No New York sports fan will think of 2019 with the same delight and nostalgia of the magical year 1969 — a triple triumph in which the Jets, Mets and Knicks captured world championships in improbable ways.
This year, the Canyon of Heroes in Lower Manhattan — where the three championship teams reveled in showers of ticker tape a half-century ago — had just one sports celebration this year, and it wasn’t even for a team based in the five boroughs.
The U.S. Women’s National Team captured their third FIFA Women’s World Cup. New York threw Megan Rapinoe, Carli Lloyd and their victorious teammates a thrilling ticker tape parade down the Canyon of Heroes in July.
The city honored these inspiring champions who captivated the nation with their incredible leadership and performance on and off the soccer pitch.
It was a celebration to remember — but regrettably, none of New York’s pro franchises could achieve that same glory this year.
Of all of New York’s pro teams, the Yankees came the closest to sniffing world championship success. Having won 103 games and the American League Eastern Division title, the Bronx Bombers swept the Minnesota Twins in three straight games, then faced off with the Houston Astros.
But Yankee fans’ dreams of a 28th World Championship were dashed by Houston’s Jose Altuve, who crushed a walkoff Game 6-winning homer off Yankee closer Aroldis Chapman, sending the Astros to the World Series — and New York to a bitter winter.
Yet the Bombers’ hopes for 2020 got a big boost this month when the Yankees opened up the coffers and gave free agent ace Gerrit Cole a record-setting, nine-year contract. They’re now positioned as the favorites to win the American League pennant for the first time in more than a decade.
As for the Mets, 2019 was one of the strangest campaigns their fans ever saw. Rookie first baseman Pete Alonso had a record-setting season, hitting 53 home runs, winning the Home Run Derby and turning into a superstar overnight. Jacob deGrom continued his incredible pitching performance, even with a consistent lack of offensive support, en route to a second-straight National League Cy Young Award.
After stinking up the first half of the season, the Mets went on an improbable run in July and August to go back over the .500 mark and vault themselves into the National League Wild Card race. But the division rival (and eventual World Champion) Washington Nationals proved even hotter. The Mets had their first winning season since 2016, but their 86 wins weren’t enough to make the playoffs.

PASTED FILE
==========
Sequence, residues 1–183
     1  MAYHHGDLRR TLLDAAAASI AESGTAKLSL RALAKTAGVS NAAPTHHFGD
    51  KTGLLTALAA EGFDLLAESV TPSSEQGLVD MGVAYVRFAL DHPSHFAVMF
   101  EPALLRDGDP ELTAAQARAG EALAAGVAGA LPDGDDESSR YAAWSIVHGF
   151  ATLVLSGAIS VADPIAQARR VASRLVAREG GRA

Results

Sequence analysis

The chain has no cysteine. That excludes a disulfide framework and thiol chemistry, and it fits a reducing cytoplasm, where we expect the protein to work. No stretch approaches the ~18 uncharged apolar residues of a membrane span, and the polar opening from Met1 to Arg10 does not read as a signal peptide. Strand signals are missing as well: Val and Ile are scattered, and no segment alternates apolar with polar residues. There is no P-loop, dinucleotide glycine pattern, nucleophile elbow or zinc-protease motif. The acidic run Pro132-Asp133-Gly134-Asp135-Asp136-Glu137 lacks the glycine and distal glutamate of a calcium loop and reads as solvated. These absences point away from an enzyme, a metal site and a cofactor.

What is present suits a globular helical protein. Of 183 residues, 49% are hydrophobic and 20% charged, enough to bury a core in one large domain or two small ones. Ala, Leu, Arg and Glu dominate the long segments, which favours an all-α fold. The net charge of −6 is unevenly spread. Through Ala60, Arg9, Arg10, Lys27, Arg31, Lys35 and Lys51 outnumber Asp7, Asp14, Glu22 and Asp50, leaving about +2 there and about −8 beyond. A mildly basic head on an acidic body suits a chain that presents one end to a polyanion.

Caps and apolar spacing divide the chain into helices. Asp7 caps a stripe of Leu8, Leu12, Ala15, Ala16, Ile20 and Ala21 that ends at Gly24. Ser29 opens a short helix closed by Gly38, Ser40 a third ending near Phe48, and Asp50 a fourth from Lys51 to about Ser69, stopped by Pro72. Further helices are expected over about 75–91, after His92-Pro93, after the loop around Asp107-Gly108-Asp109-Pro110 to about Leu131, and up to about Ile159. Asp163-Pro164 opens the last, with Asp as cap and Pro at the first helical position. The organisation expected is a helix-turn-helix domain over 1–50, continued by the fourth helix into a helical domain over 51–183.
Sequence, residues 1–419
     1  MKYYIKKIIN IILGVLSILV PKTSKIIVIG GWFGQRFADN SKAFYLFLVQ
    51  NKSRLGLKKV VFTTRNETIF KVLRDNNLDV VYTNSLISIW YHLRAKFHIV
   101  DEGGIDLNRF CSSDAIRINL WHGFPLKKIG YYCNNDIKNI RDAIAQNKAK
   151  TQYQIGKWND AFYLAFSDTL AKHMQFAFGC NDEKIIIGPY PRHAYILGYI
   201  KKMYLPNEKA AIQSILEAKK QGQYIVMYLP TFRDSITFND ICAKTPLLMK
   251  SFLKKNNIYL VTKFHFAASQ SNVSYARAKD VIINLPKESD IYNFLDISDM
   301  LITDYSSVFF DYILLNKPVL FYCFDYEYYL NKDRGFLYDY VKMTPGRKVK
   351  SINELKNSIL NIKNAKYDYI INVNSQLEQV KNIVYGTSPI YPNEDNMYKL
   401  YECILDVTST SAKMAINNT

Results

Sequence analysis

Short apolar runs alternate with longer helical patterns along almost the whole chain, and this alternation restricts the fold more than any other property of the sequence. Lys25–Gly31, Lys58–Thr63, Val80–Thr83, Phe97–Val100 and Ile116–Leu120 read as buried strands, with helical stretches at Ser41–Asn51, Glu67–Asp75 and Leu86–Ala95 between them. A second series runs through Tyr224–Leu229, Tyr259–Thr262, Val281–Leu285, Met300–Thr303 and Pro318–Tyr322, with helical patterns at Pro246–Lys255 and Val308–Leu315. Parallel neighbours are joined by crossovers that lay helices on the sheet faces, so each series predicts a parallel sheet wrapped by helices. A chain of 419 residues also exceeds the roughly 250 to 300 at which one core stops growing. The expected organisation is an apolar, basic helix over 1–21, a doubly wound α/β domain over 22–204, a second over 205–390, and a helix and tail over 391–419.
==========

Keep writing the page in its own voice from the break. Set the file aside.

Change is in the air over Flushing now. It started with the dismissal of manager Mickey Callaway after two seasons; he was replaced by former Met outfielder Carlos Beltran.
Then the news came that Sterling Equities, owned by Fred and Jeff Wilpon, were preparing to sell a majority stake of the Mets to billionaire Steve Cohen. That news gave many Mets fans hope not just for 2020, but for years to come.
The “Same Old Jets” did in 2019 what they’ve done best for decades now: Make poor decisions and lose lots of football games.
The Jets gave up on head coach Todd Bowles after four seasons of futility. Team CEO Christopher Johnson let general manager Mike Magannan hire Adam Gase as Gang Green’s new head coach and lead the NFL Draft in April — then bizarrely fired Magannan in May, replacing him with Joe Douglas.
When the Jets took the field in September, they went out and had one of the worst starts in team history, going 1-7 in the first half. The campaign was mired by quarterback Sam Darnold contracting (of all things) mononucleosis and regressing afterward, along a slew of other key injuries. Still, they rallied to win games in the second half of the season, but they’ll fall short of the playoffs yet again.
Big Blue was a big mess in 2019.